Nature Seychelles had an inspiring 2021 despite the challenges posed by the pandemic. As we welcome a promising 2022, we look back at some of our achievements.
Through his global influence, Dr. Nirmal Shah provided thought leadership and input into local and international policies. This included advocating for decisive action on the management of drifting-FADs (Fish Aggregating Devices) in various meetings and media outlets locally and internationally, and conclusive action to mitigate climate change effects on the small island states. The City of London Corporation and the World Economic Forum featured him as a keynote speaker during the climate week in September. The NGO Salty Hands named him Ocean Hero.
Nature Seychelles launched its nature collectible to raise funds for conservation
Conservation meets Fin-Tech
We launched a first-of-its-kind digital nature collectible - an NFT for conservation - in partnership with IUCN (International Union for Conservation for Nature) and the Porini Foundation. It raised close to $9000 to help with the management of the Seychelles magpie robin, with 54 out of the 59 NFTs having been sold to date. The international coverage was phenomenal and ensured that Nature Seychelles was the talk not only of the conservation but also the FinTech worlds. More than 100 news outlets covered the campaign, with CNN breaking the story followed by the BBC, France 24, the World Economic Forum, and Crypto News. It also created enormous awareness on conservation and financing challenges during the Covid-19 pandemic.
Lifebelts for Cousin Island Special Reserve
In 2021 we ensured that the massive downturn in eco-tourism revenues that hit our conservation programs in 2020 was not repeated by locating innovative funding. With a much-needed competitive grant from BIOPAMA, and more recently a generous targeted intervention by WWF Belgium, the Special Reserve budget was saved. Salaries and other expenses to do with running a world-class no-take protected area were assured. Visitors were allowed back to the island in March after strict health measures were implemented. To boost their skills and confidence, the Reserves' wardens received guide training.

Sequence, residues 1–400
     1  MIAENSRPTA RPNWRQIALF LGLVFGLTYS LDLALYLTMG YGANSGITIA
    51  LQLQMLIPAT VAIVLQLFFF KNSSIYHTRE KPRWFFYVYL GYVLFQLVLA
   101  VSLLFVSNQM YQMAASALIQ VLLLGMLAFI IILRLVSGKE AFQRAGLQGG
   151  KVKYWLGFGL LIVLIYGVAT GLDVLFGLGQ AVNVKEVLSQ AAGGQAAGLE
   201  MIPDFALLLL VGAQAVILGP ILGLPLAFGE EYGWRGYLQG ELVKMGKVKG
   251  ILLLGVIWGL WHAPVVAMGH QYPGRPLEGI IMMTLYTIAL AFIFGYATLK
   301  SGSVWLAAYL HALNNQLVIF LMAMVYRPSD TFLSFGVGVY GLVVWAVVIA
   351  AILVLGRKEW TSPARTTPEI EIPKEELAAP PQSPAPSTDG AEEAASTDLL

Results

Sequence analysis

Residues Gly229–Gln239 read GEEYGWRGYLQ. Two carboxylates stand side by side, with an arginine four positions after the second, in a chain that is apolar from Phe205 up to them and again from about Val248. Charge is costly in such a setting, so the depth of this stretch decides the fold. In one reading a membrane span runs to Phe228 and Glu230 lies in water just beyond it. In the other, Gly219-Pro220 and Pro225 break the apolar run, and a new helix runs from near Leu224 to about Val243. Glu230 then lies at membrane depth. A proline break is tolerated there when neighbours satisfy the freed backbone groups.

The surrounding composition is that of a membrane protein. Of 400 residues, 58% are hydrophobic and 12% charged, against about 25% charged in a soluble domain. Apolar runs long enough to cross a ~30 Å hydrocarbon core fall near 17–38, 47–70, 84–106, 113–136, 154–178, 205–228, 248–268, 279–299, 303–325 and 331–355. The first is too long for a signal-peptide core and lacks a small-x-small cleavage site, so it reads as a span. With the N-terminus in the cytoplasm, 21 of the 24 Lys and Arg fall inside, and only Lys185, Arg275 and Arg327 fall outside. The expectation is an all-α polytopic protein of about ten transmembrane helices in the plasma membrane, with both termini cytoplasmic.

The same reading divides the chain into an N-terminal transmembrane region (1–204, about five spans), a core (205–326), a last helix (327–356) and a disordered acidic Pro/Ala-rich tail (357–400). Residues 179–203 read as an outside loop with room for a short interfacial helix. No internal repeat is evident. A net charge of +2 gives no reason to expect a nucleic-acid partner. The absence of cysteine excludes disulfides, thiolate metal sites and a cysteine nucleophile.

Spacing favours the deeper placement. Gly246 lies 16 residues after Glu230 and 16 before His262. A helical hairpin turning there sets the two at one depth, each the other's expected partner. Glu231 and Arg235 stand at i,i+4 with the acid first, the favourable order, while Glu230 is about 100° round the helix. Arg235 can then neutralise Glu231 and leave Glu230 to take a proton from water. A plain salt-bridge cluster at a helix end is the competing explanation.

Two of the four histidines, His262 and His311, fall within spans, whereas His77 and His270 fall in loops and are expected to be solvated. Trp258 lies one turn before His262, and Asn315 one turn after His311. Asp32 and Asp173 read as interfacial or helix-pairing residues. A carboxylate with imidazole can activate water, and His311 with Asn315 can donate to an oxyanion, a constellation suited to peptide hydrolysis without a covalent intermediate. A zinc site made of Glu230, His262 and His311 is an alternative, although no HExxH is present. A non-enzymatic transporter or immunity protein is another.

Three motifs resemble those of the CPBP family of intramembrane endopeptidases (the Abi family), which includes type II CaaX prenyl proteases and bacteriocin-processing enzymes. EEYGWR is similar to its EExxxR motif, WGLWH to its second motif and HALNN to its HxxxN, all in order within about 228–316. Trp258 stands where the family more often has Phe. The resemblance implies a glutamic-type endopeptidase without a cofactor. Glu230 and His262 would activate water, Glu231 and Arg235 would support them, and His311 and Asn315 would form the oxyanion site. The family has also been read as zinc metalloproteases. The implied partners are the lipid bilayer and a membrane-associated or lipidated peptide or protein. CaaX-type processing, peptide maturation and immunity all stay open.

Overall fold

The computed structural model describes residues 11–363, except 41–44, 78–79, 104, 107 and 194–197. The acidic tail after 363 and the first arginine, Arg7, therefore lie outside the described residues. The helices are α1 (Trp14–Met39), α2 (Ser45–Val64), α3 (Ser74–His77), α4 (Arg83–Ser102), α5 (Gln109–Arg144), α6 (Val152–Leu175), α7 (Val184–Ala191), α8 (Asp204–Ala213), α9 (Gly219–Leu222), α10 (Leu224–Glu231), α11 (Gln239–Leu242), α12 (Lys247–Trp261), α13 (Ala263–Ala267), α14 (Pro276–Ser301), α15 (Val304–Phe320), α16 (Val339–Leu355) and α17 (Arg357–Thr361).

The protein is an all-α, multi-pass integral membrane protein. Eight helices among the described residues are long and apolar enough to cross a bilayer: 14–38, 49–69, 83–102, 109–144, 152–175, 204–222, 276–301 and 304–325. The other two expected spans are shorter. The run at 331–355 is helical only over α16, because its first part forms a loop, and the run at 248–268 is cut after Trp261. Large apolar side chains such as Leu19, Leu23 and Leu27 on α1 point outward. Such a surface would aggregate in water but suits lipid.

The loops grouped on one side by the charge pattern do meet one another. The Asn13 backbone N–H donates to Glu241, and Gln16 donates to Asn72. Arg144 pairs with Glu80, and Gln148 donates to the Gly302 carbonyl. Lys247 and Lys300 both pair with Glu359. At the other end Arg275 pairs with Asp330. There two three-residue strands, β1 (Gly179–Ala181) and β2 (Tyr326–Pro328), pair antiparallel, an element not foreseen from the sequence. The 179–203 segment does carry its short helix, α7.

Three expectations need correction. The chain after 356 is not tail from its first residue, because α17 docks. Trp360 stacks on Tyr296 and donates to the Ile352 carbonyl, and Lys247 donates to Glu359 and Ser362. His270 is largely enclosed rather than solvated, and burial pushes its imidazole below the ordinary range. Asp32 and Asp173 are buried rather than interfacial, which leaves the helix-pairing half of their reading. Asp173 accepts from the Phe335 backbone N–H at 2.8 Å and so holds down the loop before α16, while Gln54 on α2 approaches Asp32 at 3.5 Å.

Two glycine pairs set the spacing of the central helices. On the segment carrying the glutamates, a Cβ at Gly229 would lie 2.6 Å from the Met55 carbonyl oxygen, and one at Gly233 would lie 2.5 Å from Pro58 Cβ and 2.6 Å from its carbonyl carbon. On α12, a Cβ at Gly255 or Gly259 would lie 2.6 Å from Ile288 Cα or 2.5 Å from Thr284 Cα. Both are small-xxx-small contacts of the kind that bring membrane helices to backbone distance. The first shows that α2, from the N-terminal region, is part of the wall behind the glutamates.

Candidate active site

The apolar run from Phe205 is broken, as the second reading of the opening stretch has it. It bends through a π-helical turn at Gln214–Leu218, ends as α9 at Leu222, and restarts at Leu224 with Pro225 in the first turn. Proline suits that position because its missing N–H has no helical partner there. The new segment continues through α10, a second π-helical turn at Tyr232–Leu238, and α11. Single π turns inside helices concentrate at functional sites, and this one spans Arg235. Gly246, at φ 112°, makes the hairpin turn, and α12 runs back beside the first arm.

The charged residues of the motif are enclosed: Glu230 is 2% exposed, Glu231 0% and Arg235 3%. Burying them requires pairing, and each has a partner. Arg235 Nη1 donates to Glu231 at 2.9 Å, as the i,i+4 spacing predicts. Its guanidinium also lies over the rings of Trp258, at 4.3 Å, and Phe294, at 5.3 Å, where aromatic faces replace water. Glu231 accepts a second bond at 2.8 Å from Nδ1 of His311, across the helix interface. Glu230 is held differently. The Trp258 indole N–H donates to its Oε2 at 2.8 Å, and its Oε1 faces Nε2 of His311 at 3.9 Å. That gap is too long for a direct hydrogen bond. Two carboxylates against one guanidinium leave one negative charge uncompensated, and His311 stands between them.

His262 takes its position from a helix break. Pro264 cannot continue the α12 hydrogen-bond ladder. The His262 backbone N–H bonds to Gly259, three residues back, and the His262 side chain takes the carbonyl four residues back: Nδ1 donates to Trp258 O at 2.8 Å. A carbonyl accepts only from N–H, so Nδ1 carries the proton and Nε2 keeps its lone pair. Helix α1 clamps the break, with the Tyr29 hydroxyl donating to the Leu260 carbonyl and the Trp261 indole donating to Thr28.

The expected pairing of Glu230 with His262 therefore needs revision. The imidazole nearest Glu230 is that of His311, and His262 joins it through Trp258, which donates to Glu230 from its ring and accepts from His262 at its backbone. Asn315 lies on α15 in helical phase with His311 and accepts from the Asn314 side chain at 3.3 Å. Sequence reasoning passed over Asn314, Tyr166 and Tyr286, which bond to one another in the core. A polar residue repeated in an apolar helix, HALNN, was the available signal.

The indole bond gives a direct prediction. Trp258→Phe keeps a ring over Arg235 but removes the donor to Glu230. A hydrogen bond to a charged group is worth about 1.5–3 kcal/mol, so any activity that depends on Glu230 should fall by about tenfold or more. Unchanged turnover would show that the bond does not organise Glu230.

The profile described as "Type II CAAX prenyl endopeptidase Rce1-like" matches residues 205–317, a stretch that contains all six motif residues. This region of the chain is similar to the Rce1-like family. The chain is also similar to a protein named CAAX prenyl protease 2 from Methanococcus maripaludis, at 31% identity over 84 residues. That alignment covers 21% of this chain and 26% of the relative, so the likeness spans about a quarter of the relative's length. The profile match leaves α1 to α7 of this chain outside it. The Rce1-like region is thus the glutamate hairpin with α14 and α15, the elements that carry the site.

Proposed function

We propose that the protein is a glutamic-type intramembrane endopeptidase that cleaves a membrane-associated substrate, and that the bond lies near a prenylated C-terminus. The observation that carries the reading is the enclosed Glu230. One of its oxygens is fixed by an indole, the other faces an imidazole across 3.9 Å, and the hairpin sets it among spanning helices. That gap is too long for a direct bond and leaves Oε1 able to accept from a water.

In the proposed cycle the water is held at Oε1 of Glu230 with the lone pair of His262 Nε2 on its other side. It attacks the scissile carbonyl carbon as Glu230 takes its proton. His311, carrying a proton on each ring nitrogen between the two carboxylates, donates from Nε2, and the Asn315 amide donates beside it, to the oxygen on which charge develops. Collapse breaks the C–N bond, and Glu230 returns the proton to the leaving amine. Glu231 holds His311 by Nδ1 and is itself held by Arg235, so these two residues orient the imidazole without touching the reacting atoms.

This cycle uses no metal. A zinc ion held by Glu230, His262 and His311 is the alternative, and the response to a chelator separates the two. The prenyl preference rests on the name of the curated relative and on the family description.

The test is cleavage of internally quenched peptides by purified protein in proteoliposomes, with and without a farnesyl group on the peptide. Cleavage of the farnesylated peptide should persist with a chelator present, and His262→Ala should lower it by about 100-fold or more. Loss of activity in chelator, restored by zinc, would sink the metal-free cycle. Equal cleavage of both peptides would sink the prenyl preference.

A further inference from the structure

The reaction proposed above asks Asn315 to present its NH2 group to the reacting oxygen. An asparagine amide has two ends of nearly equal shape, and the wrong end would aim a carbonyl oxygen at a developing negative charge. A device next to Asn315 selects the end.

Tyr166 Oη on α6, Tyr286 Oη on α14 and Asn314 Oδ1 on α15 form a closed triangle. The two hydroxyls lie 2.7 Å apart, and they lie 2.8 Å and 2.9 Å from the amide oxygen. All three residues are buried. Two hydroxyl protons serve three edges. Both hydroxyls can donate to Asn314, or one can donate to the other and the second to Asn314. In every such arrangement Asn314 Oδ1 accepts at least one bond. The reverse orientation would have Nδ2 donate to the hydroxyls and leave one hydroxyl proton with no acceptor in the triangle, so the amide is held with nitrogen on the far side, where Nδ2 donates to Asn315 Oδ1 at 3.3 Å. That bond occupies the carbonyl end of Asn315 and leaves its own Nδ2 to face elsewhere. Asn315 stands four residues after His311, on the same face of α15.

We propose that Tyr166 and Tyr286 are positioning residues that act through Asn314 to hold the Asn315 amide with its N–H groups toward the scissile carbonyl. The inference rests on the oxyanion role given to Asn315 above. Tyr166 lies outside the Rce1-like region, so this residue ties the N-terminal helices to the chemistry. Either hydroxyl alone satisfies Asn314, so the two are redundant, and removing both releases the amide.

The Reef Rescuers achieved their 2021 target of 8000 super corals in culture
Saving the Coral Reef
Our world-class 11-year old program, the Reef Rescuers, achieved their 2021 target of 8000 super corals in culture, tested new innovative techniques for coral growth, signed agreements with partners for coral reef restoration, and conducted education and awareness. An Aquaculture Manager has joined the team and planning for the construction of an Africa-first coral aquaculture facility on land is underway. The program is currently funded by the Adaptation Fund through UNDP and the Government of Seychelles. An agreement has been signed with CMA CGM, a global logistics company, for additional funding, a first-of-its-kind private sector intervention at this level for Seychelles.
Involving local people in managing protected areas
The LEAP project moved ahead despite COVID-19 restrictions. It initiated advocacy and constituency building activities including interactive public meetings in Port Glaud district, beach clean-ups, recruitment, training of new staff, local assessments, and investing in infrastructure at the Cap Ternay base to actualize the co-management process with the Seychelles Parks and Gardens Authority.
We provided work based attachments for students
Mentoring and training new leaders
We have continued to provide work-based attachments for students from Seychelles Tourism Academy and Seychelles Maritime Academy on Cousin Island under the Enviro-Mentor program, as well as starting two children-focused programs - LEAP Junior and Junior Reef Rescuers. We brought in international volunteers to work on the Reef Rescuers project and as Turtle Helpers on Cousin Island.
Green Health moving forward
We have the third edition of our very popular Grow and Eat Your Own Food, Seychelles book. Working with the Prisons Service, we maintained the Sanctuary at Roche Caiman.
Partnerships for research
We were recognized for our support of the Seychelles Seabird Group and Seychelles Magpie Robin Recovery Team in a paper on the barriers to effective conservation in the Western Indian Ocean. We co-wrote the first multi-site assessment of white-tailed tropicbird population status and breeding trends in Seychelles, a study of the distribution by seabirds of the cat parasite Toxoplasma, which can infect humans, and a study on the foraging of seabirds in the Western Indian Ocean, all of which were published in international journals. Our long-term, high-level scientific partnership with the Seychelles Warbler Group supporting them to publish cutting-edge research continued. We wrote a chapter in the first-of-its-kind "Active Coral Restoration" book.